Lower speed limits have resulted in reduced air pollution at five poor air quality hotspots, according to the Welsh government.
Speed limits of 50mph were introduced at sections of motorway and main road where air pollution exceeded EU limits.
The government says that although ‘air quality remains a complicated issue… initial findings are positive after the first full year of the speed limits being introduced’.
A report into the first 12 months of the 50mph limits shows a reduction in nitrogen dioxide at all five locations. A further report is due in March 2020 to see if the trend of reducing pollution continues until levels remain below the legal limit.
Average speed cameras have been installed at four locations on the A494 at Deeside, A483 at Wrexham, M4 between junctions 41 and 42 at Port Talbot, and the A470 between Upper Boat and Pontypridd. Meanwhile, the overhead cameras on the M4 smart motorway between junctions 25 and 26 near Newport are being used to enforce the new limits.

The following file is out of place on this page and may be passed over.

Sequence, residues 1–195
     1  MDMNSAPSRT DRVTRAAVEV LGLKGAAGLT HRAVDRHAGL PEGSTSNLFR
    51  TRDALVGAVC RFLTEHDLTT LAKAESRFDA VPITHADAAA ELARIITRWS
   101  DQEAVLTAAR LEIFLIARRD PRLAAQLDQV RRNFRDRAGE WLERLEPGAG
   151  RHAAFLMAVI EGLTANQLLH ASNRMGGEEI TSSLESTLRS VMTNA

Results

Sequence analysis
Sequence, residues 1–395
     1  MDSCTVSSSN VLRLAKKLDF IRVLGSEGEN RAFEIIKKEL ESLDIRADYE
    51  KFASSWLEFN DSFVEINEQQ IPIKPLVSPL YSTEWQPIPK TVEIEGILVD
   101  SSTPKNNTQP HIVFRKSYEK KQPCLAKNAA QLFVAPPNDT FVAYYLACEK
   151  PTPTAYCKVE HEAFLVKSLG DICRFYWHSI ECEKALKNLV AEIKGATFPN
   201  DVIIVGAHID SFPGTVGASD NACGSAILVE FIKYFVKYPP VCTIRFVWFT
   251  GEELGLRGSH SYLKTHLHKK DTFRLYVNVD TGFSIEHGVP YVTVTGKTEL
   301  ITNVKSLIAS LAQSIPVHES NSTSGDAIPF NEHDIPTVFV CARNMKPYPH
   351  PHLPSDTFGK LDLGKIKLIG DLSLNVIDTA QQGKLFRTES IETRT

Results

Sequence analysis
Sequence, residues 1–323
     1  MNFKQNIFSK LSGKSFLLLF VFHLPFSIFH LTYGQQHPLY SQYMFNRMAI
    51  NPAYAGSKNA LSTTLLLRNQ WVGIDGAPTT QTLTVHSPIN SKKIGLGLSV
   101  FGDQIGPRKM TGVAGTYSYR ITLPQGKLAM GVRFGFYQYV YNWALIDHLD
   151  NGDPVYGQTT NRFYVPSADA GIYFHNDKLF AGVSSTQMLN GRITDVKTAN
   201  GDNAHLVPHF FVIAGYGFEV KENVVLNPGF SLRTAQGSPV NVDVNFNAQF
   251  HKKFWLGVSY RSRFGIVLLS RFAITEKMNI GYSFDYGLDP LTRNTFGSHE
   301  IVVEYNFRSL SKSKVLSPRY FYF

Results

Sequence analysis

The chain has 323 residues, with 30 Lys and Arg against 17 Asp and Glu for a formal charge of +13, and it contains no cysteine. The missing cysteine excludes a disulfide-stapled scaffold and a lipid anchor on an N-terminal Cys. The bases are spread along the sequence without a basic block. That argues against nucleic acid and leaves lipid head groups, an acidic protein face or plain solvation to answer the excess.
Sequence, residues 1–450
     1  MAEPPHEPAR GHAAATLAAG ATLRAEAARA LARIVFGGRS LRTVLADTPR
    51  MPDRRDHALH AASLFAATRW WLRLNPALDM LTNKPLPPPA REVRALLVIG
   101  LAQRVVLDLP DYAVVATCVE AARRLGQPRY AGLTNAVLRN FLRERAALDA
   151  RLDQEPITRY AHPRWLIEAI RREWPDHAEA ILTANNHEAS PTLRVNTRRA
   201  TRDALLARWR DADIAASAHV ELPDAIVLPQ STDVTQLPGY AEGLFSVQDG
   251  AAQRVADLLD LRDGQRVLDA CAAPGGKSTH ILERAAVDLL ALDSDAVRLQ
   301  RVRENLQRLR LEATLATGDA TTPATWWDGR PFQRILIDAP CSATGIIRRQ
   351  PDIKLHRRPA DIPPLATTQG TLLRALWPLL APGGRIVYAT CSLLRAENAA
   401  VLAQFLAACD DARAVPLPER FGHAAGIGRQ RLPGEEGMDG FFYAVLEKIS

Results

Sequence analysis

Camera warning signs fitted at the sites use a green shield symbol instead of yellow to indicate to road users that the limits are being imposed for environmental reasons rather than road safety.
Transport minister Ken Skates said: “I am encouraged by these findings in the first year of these speed limits, but it is vital we continue to reduce emissions in order to save people from the risk of developing potentially serious health conditions.
“I would hope most motorists would agree that helping to save people from illness or even death is more important than saving a minute or so on their journey.”
Minister for environment, energy and rural affairs, Lesley Griffiths, said: “It is vital urgent reductions in nitrogen dioxide emissions are achieved to meet legislative requirements and to support our ambitions for a healthier and more globally responsible Wales.
“The actions taken on our road network to support driver compliance are an essential component in ensuring that required emissions reductions are achieved.”